French prosecutors seek life sentence for Carlos the Jackal
Prosecutors on Tuesday urged a French court to impose a life sentence on notorious Venezuelan militant Carlos the Jackal, with a minimum of 18 years before parole, for a string of bombings in France in the 1980s.
In final arguments earlier Tuesday prosecutor Olivier Bray urged the court to find Carlos, whose full name is Carlos Ilich Ramirez Sanchez, guilty of the attacks that killed 11 people.
The prosecutors' sentence call is the maximum available for the court in Paris to hand down to Carlos, 62, who first rose to prominence in 1975 when his commando group burst into the conference room where ministers from the powerful OPEC oil cartel were meeting in Vienna, taking 11 hostage.
Bray argued that the bombings in France in 1982 and 1983 were not "targetted" political actions, but "blind" attacks aimed to "kill the maximum number of people with the minimum of risk."
He said 30 years was "too long" for Carlos's alleged victims to have waited for his conviction, but that "the duty of democracies is to never give up ... arresting those behind attacks and bringing them to justice."
His Paris trial deals with four attacks that are seen as part of a private war Carlos waged against France to free two comrades, including his future wife, who were arrested in Paris while planning to attack the Kuwaiti embassy.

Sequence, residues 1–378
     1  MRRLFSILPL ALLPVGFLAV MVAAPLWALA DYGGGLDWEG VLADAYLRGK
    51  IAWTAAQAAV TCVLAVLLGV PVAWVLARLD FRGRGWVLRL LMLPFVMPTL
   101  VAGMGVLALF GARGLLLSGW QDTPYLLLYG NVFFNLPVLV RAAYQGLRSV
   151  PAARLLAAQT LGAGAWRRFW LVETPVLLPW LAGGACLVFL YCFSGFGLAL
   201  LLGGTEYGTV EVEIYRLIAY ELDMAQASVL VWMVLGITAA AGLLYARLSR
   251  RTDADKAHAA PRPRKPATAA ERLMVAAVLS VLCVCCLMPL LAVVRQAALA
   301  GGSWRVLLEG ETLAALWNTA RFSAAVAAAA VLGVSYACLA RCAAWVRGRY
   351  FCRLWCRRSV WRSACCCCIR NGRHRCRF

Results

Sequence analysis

French authorities received a letter, allegedly marked with Carlos' fingerprints, threatening "war" if the pair were not released within 30 days.
The series of attacks began with the bombing of the express train "Le Capitole" on March 29, 1982, which was running from Paris to the southern city of Toulouse.
Five died in the attack and 28 were wounded.
The attack on Le Capitole was claimed by the "International Terrorist Friends of Carlos" and was followed on April 22, 1982, by the Paris car bombing of anti-Syrian newspaper Al-Watan Al-Arabi, which killed a passer-by and wounded 60.
On the same day, Carlos's comrade Bruno Breguet and future wife Magdalena Kopp were convicted of the foiled embassy attack.
Two more bombings took place on New Year's Eve 1983. One hit a high-speed TGV train between Marseille and Paris, killing three people and wounding 13. Moments later, a bomb in a Marseille train station killed two.
Carlos was arrested in Sudan in 1994 and transferred to France, where he has since been held in various jails. In 1997 he was convicted of the 1975 murder of a civilian and two policemen, and jailed for life.
Carlos has boasted in newspaper interviews of carrying out more than 100 attacks as the leader of a militant gang that operated in Europe on behalf of Warsaw Pact intelligence agencies and militant Palestinian groups.
Despite his notoriety, Ramirez has drawn the support of Venezuela's President Hugo Chavez, who praised him last month as a "worthy heir of the greatest struggles ... on behalf of the people and social justice."
In court Tuesday, the prosecutors stressed "the extreme, present absolute and constant danger," which the defendant represents.
The prosecutor's office also sought life terms for two co-accused; German Johannes Weinrich, the Jackal's former right-hand man currently held in Germany on separate charges, and Palestinian Ali Kamal Al Issawi who is on the run.
© 2011 AFP